Being the best can be as much a curse as a blessing. Laura Bartlett, MetE’08, PhD MetE’13, Robert V. Wolf Professor in Metallurgical Engineering at Missouri S&T, is living proof.
Bartlett came to S&T in the fall of 1993 as a mechanical engineering student. But she “was more interested in the social aspects than the courses,” she says, and after three years and change she left Rolla without a degree.
After leaving school, Bartlett worked for years in jobs that had nothing to do with mechanical engineering. There were jobs on a print production line, in a dog food factory, cleaning motel rooms and waitressing.
Waiting tables one day in 2005 in her husband’s hometown of Ravenden Springs, Ark., she overheard a diner mention the university in Rolla, Mo. She struck up a conversation with the man, Tom Baird, MS Math’63, a former associate professor of computer science at Missouri S&T, and in the course of that talk, she mentioned she wanted to get back to Rolla. Baird encouraged her to contact Jerry Bayless, CE’59, MS CE’62, former associate professor of civil, architectural and environmental engineering at S&T.
“That night, I couldn’t sleep,” Bartlett says. “I was very apprehensive about making the call because, frankly, I didn’t know if I could still do well after being out of school for so long.”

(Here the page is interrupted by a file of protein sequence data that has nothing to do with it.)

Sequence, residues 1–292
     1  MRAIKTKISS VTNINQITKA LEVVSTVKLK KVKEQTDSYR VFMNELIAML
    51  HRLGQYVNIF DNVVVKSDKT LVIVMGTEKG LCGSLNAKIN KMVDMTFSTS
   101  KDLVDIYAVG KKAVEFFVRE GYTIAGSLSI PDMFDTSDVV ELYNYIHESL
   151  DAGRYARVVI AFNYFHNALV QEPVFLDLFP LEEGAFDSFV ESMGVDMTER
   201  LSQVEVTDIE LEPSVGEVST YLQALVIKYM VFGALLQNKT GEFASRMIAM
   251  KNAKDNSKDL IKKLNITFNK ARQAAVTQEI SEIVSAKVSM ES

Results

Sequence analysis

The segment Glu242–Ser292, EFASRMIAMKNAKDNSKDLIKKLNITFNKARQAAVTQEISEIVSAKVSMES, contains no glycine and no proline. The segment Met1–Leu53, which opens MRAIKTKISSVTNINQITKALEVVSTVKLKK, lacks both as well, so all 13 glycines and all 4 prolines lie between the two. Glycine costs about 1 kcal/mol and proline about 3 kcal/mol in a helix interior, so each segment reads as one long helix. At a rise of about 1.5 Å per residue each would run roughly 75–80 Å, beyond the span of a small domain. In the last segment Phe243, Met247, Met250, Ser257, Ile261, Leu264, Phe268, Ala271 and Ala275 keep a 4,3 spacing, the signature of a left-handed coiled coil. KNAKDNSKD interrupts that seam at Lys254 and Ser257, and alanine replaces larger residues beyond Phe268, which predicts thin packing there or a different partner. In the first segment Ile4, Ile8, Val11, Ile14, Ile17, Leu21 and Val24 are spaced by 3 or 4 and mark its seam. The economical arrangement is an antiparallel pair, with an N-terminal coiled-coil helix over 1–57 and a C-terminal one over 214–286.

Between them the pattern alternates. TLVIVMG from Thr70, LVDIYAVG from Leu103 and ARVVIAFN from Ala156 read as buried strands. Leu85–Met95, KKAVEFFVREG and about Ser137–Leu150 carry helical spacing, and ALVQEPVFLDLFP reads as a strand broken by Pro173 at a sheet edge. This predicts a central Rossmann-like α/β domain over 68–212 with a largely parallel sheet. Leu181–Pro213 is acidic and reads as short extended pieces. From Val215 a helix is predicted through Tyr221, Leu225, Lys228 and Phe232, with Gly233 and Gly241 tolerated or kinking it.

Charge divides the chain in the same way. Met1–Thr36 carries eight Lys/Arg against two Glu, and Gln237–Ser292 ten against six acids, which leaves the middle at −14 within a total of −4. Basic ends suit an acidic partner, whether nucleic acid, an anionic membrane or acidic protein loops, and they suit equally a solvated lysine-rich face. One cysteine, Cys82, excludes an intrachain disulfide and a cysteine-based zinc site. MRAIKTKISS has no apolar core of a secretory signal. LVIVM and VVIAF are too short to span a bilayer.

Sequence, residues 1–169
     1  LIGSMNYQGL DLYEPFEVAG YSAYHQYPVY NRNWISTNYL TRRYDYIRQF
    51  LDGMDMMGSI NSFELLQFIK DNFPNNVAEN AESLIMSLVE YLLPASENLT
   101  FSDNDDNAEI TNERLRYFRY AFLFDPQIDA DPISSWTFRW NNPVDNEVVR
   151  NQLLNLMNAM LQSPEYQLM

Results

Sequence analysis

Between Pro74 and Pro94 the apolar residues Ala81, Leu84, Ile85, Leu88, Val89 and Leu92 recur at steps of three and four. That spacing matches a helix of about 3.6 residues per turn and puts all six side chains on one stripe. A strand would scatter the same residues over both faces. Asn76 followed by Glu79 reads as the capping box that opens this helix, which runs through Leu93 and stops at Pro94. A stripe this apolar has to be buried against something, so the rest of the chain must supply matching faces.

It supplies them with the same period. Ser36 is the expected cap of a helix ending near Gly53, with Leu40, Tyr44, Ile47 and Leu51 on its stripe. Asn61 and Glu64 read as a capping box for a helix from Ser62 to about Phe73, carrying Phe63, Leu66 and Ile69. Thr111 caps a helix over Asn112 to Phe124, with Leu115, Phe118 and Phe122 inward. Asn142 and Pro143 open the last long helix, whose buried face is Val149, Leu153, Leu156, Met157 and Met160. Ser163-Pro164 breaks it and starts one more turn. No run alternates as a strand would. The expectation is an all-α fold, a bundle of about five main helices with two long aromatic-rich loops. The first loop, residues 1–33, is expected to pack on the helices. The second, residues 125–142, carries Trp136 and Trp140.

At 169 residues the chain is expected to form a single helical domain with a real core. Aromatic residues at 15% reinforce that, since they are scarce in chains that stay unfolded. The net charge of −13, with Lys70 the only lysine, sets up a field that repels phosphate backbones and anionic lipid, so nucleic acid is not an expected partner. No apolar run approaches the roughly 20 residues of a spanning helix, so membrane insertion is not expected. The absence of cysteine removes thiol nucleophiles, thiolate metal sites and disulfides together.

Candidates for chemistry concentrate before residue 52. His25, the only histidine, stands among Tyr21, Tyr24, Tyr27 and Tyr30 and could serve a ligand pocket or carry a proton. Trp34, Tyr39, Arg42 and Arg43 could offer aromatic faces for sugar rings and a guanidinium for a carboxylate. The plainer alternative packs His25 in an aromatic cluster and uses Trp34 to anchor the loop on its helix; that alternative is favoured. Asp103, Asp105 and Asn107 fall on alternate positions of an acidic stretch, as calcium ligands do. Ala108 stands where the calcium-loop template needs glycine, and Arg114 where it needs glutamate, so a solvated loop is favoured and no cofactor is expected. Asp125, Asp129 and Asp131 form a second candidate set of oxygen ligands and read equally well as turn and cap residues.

By that time, it wasn’t just her and husband, Chris, she had to think about. Son Christopher, now a 13-year-old middle school student, was in the picture. “I wanted something more for him,” Bartlett says.
She made the call. And when her family’s tax return came in, she said, “Let’s go.”
Bartlett returned in 2005 as a mechanical engineering student, but one day she went to Missouri S&T’s foundry to watch molten iron being poured.
“That hooked me,” she says. “I said, ‘I’ve got to do that.’”
With a bachelor’s degree in hand in 2008, she had an offer to work in a steel mill, but she was worried that she would be out of a job if the economy got worse. Looking around for something more stable, she was encouraged to apply for a Graduate Assistance in Areas of National Need (GAANN) fellowship that focuses on training the next generation of researchers and professors.
“It turned out to be the best thing,” Bartlett says. “I never would have thought 15 years ago that I would fall into this line, to be a professor and a teacher.”
Then she did what the GAANN program prepared her to do by accepting a job as an assistant professor at Texas State University. But when the offer came in to be Missouri S&T’s Robert V. Wolf Professor in Metallurgical Engineering, it didn’t take Bartlett long to decide that Rolla was home. Now she gets a chance to help students at her alma mater, whether it’s professionally or just life lessons she learned the hard way.
“If I see a student is struggling and going down the wrong path, I can tell them my story, that they can turn their fortunes around,” she says. “I think that’s a very powerful message.”